# Another problem in exponential and logarithms

• Jan 5th 2008, 03:36 AM
geton
Another problem in exponential and logarithms
Prove that if a^x = b^y = (ab)^xy, then x+y = 1.

Please show me how to do this.
• Jan 5th 2008, 03:57 AM
earboth
Quote:

Originally Posted by geton
Prove that if a^x = b^y = (ab)^xy, then x+y = 1.

Please show me how to do this.

Hello,

1. $a^x = \left(a^x\right)^1$

2. $(ab)^{x \cdot y} = \left( (ab)^x \right)^y = a^{xy} \cdot b^{xy} = a^{xy} \cdot b^{yx}$

Since $b^y = a^x$ you get:

$a^{xy} \cdot a^{x \cdot x} = \left(a^x\right)^{x+y}$

According to the given conditions

$a^x = \left(a^x\right)^1=\left(a^x\right)^{x+y}$ and therefore x + y = 1
• Jan 5th 2008, 04:00 AM
Sean12345
I believe there are a few ways to do this.

$a^x = b^y = (ab)^{xy}$
$\implies \log a^x = \log b^y = \log (ab)^{xy}$
$\implies x\log a = y\log b = (xy)\log (ab)$
$\implies x\log a = y\log b = (xy)\log a + (xy)\log b$
$\implies y(y\log b) + (xy)\log b = y\log b$
$\implies y^2\log b + (xy)\log b = y\log b$
$\implies y^2 + xy = y$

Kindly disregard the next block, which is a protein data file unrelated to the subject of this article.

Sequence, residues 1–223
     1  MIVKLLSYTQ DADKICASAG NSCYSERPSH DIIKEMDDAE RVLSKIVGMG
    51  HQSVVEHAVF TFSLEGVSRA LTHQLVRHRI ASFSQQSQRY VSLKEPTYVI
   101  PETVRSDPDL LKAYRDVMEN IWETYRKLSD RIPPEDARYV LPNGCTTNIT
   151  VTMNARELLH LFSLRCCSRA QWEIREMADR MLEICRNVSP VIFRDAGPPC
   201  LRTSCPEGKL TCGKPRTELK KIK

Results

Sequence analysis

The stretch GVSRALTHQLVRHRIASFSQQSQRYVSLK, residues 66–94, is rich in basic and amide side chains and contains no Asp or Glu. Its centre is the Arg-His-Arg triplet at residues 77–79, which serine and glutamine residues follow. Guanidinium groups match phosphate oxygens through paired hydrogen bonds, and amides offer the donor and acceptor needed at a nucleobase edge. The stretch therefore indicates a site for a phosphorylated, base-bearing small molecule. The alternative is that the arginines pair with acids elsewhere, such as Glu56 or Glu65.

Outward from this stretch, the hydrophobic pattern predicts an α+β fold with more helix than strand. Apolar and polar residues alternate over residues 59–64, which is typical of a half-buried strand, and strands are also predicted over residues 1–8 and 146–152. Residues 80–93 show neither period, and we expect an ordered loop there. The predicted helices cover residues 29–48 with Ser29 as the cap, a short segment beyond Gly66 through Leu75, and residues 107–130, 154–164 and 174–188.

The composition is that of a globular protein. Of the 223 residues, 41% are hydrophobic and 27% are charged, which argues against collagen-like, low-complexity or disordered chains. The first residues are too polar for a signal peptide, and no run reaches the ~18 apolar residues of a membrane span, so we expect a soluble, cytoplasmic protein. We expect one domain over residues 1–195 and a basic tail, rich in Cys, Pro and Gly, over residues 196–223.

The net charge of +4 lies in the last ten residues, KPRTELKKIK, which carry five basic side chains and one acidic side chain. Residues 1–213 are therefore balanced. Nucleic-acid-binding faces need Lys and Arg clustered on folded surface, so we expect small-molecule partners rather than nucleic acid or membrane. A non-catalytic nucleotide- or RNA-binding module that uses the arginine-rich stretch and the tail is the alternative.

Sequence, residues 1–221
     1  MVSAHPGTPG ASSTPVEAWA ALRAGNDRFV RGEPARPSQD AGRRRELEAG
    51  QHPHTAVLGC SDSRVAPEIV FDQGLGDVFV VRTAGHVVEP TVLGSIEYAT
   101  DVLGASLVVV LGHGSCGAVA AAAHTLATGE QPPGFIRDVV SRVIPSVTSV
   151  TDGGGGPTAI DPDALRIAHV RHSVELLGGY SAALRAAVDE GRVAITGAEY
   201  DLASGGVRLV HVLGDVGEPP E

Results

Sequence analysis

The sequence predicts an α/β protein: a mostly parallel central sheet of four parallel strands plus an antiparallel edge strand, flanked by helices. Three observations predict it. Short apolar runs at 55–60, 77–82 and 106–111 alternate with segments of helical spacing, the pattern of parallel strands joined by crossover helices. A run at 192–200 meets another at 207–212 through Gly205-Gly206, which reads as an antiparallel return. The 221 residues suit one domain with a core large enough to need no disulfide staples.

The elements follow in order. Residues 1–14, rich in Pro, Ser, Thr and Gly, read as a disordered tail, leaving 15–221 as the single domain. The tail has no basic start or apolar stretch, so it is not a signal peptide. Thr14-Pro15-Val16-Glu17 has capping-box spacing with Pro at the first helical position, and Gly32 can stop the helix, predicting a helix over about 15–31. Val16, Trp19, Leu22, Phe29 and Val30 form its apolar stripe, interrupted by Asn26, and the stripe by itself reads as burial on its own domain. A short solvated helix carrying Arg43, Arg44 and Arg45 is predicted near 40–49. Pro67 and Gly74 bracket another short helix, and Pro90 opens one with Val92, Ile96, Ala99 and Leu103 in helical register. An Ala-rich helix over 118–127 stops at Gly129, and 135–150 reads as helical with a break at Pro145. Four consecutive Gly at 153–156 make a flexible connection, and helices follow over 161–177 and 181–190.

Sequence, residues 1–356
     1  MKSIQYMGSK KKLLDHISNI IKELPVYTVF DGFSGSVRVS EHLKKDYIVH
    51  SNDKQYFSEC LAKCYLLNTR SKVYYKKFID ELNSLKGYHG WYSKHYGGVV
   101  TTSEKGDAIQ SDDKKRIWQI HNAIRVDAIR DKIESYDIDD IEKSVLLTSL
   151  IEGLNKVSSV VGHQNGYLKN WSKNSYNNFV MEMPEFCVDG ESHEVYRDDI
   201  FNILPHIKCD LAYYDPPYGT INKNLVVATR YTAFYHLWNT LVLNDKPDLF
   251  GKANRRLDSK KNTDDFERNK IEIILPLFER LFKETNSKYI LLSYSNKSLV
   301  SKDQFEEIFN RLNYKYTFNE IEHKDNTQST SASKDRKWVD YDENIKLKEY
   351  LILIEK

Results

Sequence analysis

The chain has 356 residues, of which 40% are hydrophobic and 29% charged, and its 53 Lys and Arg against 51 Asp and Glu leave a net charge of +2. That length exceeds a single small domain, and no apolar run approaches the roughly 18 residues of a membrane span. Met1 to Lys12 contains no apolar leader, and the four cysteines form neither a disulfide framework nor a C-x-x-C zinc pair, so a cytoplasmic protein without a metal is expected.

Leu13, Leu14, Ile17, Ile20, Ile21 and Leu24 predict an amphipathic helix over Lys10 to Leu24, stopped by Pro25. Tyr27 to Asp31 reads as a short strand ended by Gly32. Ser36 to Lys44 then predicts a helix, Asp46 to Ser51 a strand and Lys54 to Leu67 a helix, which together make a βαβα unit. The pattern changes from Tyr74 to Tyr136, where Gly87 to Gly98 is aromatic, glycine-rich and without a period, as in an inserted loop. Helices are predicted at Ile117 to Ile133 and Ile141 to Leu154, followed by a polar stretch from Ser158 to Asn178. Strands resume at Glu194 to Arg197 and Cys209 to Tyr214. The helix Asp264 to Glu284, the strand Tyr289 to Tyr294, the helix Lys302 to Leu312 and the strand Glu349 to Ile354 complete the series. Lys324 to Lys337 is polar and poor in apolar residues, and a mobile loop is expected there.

$\implies y+x = 1$
• Jan 5th 2008, 08:48 AM
Soroban
Hello, geton!

Sean is right . . . There must be dozens of approaches.

Quote:

Prove that if $a^x \:= \:b^y \:= \:(ab)^{xy}$, then: . $x+y \:= \:1$

We have: . $a^x \:=\:(ab)^{xy}$

Take logs: . $x\log(a) \:=\:xy\log(ab)$
* Divide by $x\!:\;\;\log(a) \:=\:y\log(ab)\quad\Rightarrow\quad y \:=\:\frac{\log(a)}{\log(ab)}$ .[1]

We have: . $b^y \:=\:(ab)^{xy}$

Take logs: . $y\log(b) \:=\:xy\log(ab)$
* Divide by $y\!:\;\;\log(b) \:=\:x\log(ab)\quad\Rightarrow\quad x \:=\:\frac{\log(b)}{\log(ab)}$ .[2]

Add [1] and [2]: . $x + y \;=\;\frac{\log(a)}{\log(ab)} + \frac{\log(b)}{\log(ab)} \;=\;\frac{\log(a)+\log(b)}{\log(ab)} \;=\;\frac{\log(ab)}{\log(ab)}$

. . Therefore: . $\boxed{x + y \:=\:1}$

~ ~ ~ ~ ~ ~ ~ ~ ~ ~ ~ ~ ~ ~ ~ ~ ~ ~ ~ ~ ~ ~ ~ ~ ~ ~ ~ ~ ~ ~

*

If $x = 0$, we have: . $a^0 \:=\:b^y \:=\:(ab)^0\quad\Rightarrow\quad b^y \:=\:1$

There are two possibilities: . $\begin{array}{cc}{\color{red}(1)} &y \:= \:0 \\ {\color{red}(2)} & b \:= \:1 \end{array}$

In case (1), $x + y \:\neq \:1$

In case (2), $b$ is strictly determined which contradicts the original equation
. . which is true for all values of $a\text{ and }b.$

Hence: . $x \:\neq\:0$

Similarly, we can show that: . $y \:\neq \:0$